Alphabet Subsidiary Waymo Shares New Details About its Self-Driving Class-8 Trucks
Alphabet subsidiary Waymo, which spun out of Google's self-driving car project, has been actively developing autonomous vehicles for the past decade. In addition to its self-driving cars, Waymo has been working on self-driving trucks since 2017 with plans to launch a commercial freight delivery service called Waymo Via.
Today in a blog post, Waymo shared new details about its advanced driverless trucks that are poised to transform the shipping industry, making freight delivery much safer and more efficient. So far, the autonomous Class 8 trucks have been tested on public roads in a wide variety of cities and environments in California, Georgia, Arizona, New Mexico and Texas.
For starters, Waymo's driverless trucks use the same core technology suite as Waymo's self-driving passenger vehicles, which the company calls the "Waymo Driver." The Waymo Driver is the foundation for all of Waymo's autonomous vehicle development.
In the blog post on Tuesday, Waymo wrote that by using the same technology as its passenger vehicles, each vehicle platform can benefit from the 20 million self-driven miles on public roads and over 15 billion miles in computer simulation that the company has completed to continuously improve its software.
With this extensive onroad experience, Waymo has now unlocked freeway driving capabilities for our entire fleet. Building a truck that can drive itself on the highways is a challenging endeavor for Waymo and every other company working on the technology.
Some of the challenges facing human truck drivers are piloting an 80,000 pound fully-loaded semi-truck at 65 mph, merging into fast-moving traffic, dealing with blind spots, maintaining lane position, constantly checking the mirrors to keep an eye on the trailer as well as other vehicles. So driving a big truck is no easy task.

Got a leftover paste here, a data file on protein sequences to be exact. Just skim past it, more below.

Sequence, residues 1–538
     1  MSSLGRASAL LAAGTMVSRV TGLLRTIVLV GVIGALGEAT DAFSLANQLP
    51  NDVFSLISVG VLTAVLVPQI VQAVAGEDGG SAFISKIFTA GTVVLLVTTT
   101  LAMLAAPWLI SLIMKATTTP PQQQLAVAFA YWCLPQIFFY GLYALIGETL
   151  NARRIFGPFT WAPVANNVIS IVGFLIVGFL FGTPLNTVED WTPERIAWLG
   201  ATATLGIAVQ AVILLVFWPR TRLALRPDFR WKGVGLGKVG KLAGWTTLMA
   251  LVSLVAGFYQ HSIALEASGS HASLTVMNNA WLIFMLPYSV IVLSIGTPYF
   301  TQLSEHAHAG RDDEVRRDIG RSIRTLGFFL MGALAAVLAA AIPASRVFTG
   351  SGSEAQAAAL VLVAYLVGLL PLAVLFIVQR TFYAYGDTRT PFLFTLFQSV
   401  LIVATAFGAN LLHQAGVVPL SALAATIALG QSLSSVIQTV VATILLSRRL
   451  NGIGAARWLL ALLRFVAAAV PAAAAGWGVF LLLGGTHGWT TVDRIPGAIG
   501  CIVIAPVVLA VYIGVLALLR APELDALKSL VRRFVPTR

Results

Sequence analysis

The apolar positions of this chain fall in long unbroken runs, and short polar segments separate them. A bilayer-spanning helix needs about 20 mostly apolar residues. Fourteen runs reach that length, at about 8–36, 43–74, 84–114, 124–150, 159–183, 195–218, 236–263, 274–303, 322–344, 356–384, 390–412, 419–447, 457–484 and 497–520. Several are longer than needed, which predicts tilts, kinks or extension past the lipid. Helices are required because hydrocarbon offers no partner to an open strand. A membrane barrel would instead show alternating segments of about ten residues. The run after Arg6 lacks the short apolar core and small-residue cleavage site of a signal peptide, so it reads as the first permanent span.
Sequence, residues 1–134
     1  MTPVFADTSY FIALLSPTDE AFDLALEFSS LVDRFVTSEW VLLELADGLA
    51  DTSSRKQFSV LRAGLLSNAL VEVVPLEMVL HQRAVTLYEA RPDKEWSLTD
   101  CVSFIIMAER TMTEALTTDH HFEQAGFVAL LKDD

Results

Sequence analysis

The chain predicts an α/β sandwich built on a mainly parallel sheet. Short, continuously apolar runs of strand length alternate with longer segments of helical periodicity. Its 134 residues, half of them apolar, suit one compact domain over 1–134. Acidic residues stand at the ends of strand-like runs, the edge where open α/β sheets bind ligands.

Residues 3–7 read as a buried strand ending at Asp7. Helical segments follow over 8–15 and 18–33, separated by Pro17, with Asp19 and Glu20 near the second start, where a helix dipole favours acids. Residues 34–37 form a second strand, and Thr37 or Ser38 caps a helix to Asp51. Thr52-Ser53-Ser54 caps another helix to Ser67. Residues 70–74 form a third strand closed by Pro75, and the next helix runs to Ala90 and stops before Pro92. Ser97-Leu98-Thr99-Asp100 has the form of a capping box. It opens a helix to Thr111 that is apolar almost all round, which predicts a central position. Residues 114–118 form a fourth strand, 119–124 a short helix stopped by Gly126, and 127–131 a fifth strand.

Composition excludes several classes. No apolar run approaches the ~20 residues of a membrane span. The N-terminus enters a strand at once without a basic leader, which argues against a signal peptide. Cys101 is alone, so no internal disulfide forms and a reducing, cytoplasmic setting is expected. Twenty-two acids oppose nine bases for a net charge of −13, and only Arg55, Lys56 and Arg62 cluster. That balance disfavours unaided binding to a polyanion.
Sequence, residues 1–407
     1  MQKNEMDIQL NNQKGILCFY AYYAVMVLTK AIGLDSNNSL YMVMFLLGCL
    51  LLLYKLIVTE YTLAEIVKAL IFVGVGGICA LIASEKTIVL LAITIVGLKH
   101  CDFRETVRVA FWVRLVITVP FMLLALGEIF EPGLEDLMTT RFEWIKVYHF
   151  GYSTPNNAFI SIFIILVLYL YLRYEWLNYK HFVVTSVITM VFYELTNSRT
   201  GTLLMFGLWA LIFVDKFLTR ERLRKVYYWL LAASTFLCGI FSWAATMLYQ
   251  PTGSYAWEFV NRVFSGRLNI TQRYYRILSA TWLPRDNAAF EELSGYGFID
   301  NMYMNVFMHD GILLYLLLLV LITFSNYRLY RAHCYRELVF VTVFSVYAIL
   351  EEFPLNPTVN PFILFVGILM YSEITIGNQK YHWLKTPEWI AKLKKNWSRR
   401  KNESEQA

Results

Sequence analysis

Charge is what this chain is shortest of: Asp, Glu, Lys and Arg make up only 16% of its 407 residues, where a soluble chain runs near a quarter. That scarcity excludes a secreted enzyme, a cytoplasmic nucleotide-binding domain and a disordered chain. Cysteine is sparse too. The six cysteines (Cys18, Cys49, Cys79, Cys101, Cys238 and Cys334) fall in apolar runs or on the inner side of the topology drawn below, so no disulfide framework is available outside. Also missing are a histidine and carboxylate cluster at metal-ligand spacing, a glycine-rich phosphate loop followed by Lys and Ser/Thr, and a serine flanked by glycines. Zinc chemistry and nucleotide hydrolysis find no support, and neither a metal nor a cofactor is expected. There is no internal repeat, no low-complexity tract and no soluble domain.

As a result, more than one in three long-haul truck drivers have experienced a serious crash during their careers, according to data from the U.S. Bureau of Labor Statistics.
However, Waymo's self-driving technology can bring a level of safety to the industry that cannot be achieved by human drivers. But Waymo is not simply replacing truck drivers with computers. Instead the company is tapping into the wealth of knowledge gathered from professional truck drivers and incorporating it into its software stack.
As part of its testing program, Waymo said it partners with test drivers who are trucking industry veterans with more than 20 years of invaluable expertise to help improve the Waymo Driver technology stack.
"By working with the engineering teams and sharing all about truck behavior and the rules of the road, I'm helping the Waymo Driver see and learn what I have. It's my job to impart the lessons I've learned the hard way, so that the Waymo Driver is the safest it can be," said Jon Rainwater, an experienced truck driver who provides instruction to the test drivers for Waymo Via.
"That is the largest impact I can have—knowing that society will benefit from my lived experience for years and years to come."
Each of Waymo's trucks are outfitted with the same hardware that most self-driving vehicles rely on, including camera, lidar and radar systems. Rather than installing the hardware on a production vehicle that is already manufactured, Waymo is working directly with truck manufacturers and OEM partners to integrate its Waymo Driver seamlessly into their vehicles during production.
This includes optimizing the self-driving system and adapting it to vehicles its installed on, such as setting up the cameras to eliminate potential blind spots for each specific model. Waymo has also been developing its own proprietary hardware, including lidar sensors.
However, one of the more important features of Waymo's self-driving trucks is having a long-range perception system that exceeds that of passenger vehicles.